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Logo of Phnom Penh Post newspaper Phnom Penh Post - Film reveals human cost of Cambodia’s development

Film reveals human cost of Cambodia’s development

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Children play at Boeung Kak Lake village, April 2011. Photograph: Chris Kelly

After three years spent filming the lives of three extraordinary individuals including an HIV-positive widow and a monk turned human-rights defender, a hard-hitting documentary about the human cost of development in Cambodia will be released next year.

The Cause for Progress explores the impact of development on modern society in Cambodia through following the lives of three individuals caught up in a struggle to live and survive in the face of forced eviction.

Irish filmmaker Chris Kelly, 31, became interested in Cambodia when he visited in 2006 as a tourist, and decided he wanted to make a film about the country – dealing with a subject not commonly covered by film.

“I had seen a lot of films about Cambodia. They were mostly about the Khmer Rouge and the tribunals,” Kelly says.

“I wanted to say something about what was happening currently in Cambodia… [and] what the problems were.”

After doing research and talking to Cambodians, he realised  “it was pretty obvious that land rights and human rights [violations] and corruption were problematic issues for modern-day life, so I wanted to try and address them.”

The subjects of his film, Prak Sopheap, from Borei Keila village, the Venerable Loun Sovath, from Chi Kreng village, and Toul Srey Pov, from Boeung Kak Lake, are all members of communities uprooted in forced evictions.

Prak Sopheap, a widow and mother to two children, was forcibly evicted a total of three times: first from her home at Borei Keila when the construction project began, then twice more from the temporary accommodation provided by the government.

“She’s one of the bravest people I know,” Kelly says.

“Her attitude was that, if she could do something to help other people, it was worthwhile, even if it meant sacrificing her own future.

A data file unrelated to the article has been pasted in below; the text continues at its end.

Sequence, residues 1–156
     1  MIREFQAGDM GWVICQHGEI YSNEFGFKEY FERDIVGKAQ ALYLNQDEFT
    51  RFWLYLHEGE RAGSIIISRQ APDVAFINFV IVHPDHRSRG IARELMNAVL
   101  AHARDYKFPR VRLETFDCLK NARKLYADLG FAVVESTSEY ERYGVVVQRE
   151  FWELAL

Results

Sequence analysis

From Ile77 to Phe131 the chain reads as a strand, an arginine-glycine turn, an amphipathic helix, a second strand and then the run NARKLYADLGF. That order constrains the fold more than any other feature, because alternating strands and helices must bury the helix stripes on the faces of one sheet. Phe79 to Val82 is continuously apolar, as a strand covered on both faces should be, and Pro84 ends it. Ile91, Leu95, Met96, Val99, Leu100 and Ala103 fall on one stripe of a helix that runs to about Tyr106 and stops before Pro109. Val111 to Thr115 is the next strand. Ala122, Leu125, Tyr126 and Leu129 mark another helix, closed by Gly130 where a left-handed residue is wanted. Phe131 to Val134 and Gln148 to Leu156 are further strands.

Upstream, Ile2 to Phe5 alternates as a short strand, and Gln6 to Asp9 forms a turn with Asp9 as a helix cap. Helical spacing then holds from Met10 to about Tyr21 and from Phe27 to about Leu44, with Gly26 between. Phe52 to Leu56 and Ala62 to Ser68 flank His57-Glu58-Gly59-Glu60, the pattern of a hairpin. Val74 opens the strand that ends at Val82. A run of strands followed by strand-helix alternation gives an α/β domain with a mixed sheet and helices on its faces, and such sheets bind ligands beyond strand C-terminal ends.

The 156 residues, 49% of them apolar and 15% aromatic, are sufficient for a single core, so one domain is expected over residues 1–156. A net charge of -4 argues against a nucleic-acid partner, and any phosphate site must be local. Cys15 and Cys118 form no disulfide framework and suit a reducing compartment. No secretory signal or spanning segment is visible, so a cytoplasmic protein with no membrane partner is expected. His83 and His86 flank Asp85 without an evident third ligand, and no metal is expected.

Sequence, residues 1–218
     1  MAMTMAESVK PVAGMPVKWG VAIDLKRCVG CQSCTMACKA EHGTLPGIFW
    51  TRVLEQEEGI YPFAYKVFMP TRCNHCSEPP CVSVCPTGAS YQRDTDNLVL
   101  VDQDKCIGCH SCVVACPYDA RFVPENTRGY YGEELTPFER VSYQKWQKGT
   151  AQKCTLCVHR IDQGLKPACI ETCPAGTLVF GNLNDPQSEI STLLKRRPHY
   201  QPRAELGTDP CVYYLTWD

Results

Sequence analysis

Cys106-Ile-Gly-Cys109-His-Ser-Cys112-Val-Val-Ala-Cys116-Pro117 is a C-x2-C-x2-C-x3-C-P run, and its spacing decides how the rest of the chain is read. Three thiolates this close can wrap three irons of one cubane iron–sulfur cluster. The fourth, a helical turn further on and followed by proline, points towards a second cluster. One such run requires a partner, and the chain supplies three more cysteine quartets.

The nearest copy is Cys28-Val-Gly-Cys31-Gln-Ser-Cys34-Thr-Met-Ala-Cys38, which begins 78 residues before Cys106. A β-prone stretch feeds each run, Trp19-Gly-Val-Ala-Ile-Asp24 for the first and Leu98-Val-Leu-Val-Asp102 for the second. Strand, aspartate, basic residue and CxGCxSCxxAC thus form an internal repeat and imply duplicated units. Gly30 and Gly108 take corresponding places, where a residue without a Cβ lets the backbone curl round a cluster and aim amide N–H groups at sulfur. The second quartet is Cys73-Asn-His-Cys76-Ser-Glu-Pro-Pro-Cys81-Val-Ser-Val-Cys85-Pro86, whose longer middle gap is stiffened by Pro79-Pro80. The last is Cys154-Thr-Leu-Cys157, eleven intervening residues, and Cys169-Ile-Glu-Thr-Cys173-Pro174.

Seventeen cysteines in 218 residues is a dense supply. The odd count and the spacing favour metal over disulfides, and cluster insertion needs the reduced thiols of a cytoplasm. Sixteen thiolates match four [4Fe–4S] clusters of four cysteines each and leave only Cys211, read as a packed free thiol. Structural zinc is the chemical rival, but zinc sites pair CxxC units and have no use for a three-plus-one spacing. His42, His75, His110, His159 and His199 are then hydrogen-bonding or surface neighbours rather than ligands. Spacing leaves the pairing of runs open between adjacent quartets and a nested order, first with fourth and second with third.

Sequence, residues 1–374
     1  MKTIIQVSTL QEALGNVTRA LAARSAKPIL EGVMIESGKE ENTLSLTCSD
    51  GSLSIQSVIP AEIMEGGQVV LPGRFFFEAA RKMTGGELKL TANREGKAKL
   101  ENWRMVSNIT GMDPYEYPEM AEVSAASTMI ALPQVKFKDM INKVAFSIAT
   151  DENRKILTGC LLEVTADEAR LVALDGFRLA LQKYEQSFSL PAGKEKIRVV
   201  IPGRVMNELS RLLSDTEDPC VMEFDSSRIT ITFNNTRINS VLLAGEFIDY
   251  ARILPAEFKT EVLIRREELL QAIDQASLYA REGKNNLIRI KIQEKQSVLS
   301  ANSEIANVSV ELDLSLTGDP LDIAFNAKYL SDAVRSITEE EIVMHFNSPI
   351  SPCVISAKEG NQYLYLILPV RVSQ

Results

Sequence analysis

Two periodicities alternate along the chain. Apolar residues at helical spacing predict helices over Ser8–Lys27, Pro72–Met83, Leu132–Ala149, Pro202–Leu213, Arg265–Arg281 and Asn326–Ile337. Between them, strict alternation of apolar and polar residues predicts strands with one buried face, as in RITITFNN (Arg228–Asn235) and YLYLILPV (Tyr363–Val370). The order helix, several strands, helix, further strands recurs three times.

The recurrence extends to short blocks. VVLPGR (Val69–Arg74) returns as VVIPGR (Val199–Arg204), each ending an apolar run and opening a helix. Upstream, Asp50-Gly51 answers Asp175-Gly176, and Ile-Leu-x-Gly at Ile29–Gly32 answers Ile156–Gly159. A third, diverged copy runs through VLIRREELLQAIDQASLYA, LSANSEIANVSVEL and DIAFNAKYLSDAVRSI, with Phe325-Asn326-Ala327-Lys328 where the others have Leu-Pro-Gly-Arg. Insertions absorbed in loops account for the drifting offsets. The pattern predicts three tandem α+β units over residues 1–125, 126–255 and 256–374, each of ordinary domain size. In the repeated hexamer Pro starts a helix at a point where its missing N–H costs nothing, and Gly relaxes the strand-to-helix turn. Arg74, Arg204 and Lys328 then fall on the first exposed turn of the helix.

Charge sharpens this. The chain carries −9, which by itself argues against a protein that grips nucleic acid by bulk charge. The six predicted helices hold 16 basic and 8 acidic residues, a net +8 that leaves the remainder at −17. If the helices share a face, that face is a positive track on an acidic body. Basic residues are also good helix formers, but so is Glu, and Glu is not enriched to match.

“I’m very, very glad to know her and have her as a friend.”

Buddhist monk the Venerable Loun Sovath, who was recently awarded the Matin Ennals Award for human rights, has seen his life transformed since filming began: from an unknown monk to an internationally recognised human-rights defender who is now in the US, pushing for support for his community.

Sovath says he has been threatened with arrest and defrocking multiple times.

“What drew me to him was the fact that he was filming [everything] on his mobile phone [while giving a speech on protesting],” Kelly says.

“I’ve been very fortunate in the sense that I’ve been able to chart his astronomical transformation.”

Although he is sceptical about what change his film can bring, Kelly is optimistic that the film can highlight the issues to the public.

“It can ignite and contribute to meaningful debates – and that can bring about change,” he says. “So many of my Cambodian friends never knew what was happening in their own country... and me, an outsider, told them about it, and I think that’s really crazy. People should be aware of everything around them.”

Filming, which began in June, 2009, was completed in October, 2012, and is now in its post-production stage.

The film is expected to be released in early 2014.

More information on it can be found at The Cause of Progress's website.

To contact the reporter on this story: Soo Jin Kim at ppp.lifestyle@gmail.com

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